Absolutely. Simply, you just need to be smart and good with people. I work with people that have finance, neuroscience, accounting, marketing, legal and arts backgrounds. Ultimately you’d just need to be able to demonstrate that you can learn quickly and have a passion for sales and the company vision. 

What would your career be if you weren’t doing what you’re doing now?

I was only 20 when I received the job offer from Meltwater. So honestly, I would probably still be studying a double degree or master’s degree if I wasn’t doing what I am now. I was always drawn to econometrics and business statistics; it was the interest in using data and information to make better, rational decisions. Fundamentally that is a big aspect of what I do now, so I imagine that after finishing further study, it would have been something similar.

What do you love most about your job? Which kind of task do you enjoy the most?

Hands down it is the people I work with. They are all young people who are extremely driven, really smart and love to socialise. It is a bit weird telling mates that I grab a beer with everyone I work with – they don’t really get it. If you decide to interview at Meltwater, I am sure that after meeting a few people who might be in your team, you’d agree.

The tasks I enjoy the most are those that clearly generate a tangible outcome. Everyone has targets and smashing them feels amazing, but because of the flat structure, there are a lot of opportunities to show leadership, which is just as rewarding. 

What’s the biggest limitation of your job? Do you bear a lot of responsibility? Do you have to work on weekends? Are the stress levels high?

Something that restricts the progression of my job is just that you get out what you put in.

Sales is quite unique relative to other fields, because you determine how you spend your time, what you work on, and how you learn fastest. Given this, there is a lot of responsibility to perform well and become autonomous in your team as quickly as possible, so you can start coaching others.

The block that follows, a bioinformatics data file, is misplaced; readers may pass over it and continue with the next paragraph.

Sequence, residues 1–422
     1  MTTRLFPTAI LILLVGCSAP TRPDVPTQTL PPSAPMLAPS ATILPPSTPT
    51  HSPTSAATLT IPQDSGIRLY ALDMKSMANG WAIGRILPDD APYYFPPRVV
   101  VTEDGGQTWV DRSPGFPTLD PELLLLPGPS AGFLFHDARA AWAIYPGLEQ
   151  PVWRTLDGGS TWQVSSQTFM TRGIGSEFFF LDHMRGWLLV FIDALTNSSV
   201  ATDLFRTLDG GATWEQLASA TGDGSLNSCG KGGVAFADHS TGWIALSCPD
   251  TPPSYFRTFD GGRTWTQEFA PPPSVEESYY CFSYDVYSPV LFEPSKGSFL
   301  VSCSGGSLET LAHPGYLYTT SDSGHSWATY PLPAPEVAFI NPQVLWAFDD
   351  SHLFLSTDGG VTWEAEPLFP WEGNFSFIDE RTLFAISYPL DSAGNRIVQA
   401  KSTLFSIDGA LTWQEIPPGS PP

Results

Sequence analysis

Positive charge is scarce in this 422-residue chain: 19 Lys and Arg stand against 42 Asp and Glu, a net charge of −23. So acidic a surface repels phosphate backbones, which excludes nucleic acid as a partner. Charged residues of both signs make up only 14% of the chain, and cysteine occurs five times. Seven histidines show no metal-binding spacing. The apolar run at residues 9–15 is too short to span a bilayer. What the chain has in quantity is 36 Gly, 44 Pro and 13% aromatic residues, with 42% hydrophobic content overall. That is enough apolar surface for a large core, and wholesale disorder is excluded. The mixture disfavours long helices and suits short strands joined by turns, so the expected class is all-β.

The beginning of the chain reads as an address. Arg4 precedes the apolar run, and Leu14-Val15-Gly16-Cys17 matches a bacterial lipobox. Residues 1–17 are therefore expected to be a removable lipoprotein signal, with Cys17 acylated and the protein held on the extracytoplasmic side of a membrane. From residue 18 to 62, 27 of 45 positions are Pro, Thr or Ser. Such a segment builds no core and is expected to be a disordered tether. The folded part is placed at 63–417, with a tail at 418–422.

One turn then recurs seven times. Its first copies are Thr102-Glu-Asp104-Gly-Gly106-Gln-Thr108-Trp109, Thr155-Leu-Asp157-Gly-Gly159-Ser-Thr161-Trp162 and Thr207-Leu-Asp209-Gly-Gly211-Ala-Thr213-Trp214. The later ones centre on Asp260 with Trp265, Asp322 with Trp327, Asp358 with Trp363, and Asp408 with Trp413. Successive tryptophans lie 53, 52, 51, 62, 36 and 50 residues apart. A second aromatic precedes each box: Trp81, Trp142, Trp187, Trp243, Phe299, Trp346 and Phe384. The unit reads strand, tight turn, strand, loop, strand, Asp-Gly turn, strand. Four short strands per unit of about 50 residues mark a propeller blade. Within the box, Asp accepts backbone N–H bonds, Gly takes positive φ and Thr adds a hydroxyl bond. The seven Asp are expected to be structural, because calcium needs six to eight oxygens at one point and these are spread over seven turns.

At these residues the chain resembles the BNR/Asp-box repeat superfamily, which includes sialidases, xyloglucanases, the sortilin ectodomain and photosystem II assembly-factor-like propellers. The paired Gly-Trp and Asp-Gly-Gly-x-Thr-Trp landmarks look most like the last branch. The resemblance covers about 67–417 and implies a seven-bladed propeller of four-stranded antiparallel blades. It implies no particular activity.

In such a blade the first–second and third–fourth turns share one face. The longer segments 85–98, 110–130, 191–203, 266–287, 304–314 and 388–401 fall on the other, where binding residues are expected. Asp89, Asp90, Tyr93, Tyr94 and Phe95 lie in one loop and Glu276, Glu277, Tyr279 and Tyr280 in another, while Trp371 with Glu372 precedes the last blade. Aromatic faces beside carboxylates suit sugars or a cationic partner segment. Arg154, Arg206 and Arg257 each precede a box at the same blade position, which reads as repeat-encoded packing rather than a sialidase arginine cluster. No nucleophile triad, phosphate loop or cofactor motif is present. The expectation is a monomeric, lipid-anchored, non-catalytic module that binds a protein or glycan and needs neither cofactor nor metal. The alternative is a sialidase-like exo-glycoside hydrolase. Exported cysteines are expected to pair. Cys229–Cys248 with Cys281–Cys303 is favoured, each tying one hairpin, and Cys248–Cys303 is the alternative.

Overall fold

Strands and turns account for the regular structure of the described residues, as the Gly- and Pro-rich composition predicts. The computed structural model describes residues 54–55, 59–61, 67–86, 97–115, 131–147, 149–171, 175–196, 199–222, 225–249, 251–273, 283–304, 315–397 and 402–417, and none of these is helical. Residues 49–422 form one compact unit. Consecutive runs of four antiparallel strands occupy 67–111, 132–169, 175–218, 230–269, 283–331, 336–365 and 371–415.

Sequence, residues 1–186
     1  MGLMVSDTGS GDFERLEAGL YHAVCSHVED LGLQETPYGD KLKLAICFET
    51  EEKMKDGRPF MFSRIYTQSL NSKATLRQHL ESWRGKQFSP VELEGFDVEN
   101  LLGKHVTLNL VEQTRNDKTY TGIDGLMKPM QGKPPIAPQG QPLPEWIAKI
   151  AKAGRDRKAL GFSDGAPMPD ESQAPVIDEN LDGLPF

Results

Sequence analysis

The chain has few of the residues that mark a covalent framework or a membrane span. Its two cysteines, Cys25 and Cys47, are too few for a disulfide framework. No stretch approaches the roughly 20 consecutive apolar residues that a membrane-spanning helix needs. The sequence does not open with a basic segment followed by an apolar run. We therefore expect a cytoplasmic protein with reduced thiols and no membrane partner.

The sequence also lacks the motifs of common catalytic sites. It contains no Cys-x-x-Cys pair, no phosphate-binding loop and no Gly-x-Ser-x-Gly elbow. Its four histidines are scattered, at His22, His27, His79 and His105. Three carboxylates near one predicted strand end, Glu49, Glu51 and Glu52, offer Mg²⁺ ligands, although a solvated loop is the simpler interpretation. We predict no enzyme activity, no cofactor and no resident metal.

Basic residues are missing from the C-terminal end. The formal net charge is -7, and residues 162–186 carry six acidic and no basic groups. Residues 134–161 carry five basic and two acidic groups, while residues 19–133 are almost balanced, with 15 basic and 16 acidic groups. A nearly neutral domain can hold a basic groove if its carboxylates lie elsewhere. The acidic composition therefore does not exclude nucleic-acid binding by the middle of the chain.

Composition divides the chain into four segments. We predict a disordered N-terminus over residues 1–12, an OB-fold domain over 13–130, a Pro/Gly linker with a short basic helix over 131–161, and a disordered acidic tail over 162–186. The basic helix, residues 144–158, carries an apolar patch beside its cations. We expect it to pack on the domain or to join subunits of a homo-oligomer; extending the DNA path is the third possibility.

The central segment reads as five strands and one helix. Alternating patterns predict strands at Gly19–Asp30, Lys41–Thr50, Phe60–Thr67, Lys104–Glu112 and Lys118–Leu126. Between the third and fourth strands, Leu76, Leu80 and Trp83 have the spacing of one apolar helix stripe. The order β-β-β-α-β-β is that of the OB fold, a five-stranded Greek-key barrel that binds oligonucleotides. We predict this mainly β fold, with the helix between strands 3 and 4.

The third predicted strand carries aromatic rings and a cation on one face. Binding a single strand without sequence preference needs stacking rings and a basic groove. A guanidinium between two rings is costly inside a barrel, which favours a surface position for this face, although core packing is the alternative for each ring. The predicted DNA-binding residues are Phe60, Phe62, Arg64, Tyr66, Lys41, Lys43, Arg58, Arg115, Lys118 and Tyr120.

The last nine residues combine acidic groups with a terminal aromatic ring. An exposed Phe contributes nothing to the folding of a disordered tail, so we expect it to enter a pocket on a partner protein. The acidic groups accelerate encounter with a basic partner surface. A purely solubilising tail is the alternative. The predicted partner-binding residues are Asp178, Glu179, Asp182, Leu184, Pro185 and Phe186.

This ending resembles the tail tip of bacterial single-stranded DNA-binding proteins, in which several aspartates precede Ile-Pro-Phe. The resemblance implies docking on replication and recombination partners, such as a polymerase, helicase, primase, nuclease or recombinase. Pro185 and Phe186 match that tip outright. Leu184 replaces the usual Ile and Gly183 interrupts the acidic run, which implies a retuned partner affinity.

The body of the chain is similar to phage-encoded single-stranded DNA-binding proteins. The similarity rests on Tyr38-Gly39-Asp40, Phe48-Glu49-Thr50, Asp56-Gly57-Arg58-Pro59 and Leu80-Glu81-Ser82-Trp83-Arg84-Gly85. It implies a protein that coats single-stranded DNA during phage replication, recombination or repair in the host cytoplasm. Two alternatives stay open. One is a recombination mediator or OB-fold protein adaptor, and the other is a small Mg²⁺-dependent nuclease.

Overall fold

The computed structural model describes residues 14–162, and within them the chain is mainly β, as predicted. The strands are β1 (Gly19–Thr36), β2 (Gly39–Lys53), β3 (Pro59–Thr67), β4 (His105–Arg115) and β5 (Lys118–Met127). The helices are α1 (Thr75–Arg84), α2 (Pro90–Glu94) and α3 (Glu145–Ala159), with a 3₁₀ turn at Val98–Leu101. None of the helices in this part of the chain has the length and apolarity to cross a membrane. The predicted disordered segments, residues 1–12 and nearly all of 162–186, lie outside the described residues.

Do I have to work on weekends? Not a chance. To live the lifestyle I wanted, I made sure that I chose a place that would make me work hard Monday–Friday and have the weekend for myself, my sports, mates, etc. That being said, you get out what you put in. So if you did want to go above and beyond, it is up to you how you spend your time. There is a big focus on prioritising how you spend your time, so you never feel you need to do work on the weekend anyway. 

Which three pieces of advice would you give to a current university student?

  • Study abroad in Asia. I am a really open-minded person, but I could never really appreciate how different people are and why they are, until I lived, studied and worked in a different country and culture. You deal with all types of people in Australia, but Asia will become the most economically influential region over the next couple of decades, so a deep understanding of this region will be really beneficial no matter what you do. 
  • In interviews, tell examples of when you’ve failed or had a short fall and how you beat it. Being able to self reflect or take on feedback from others and improve on your own, followed by a tangible example of a better outcome, is what separates good applicants from great applicants.
  • Don’t settle for any job; wait for your dream job. I’ve had mates who got jobs straight away and mates who had to wait over a year to get the job they wanted after graduating. The only ones that are happy are those that didn’t settle, got rejected from a few places, and waited out for the best role for them.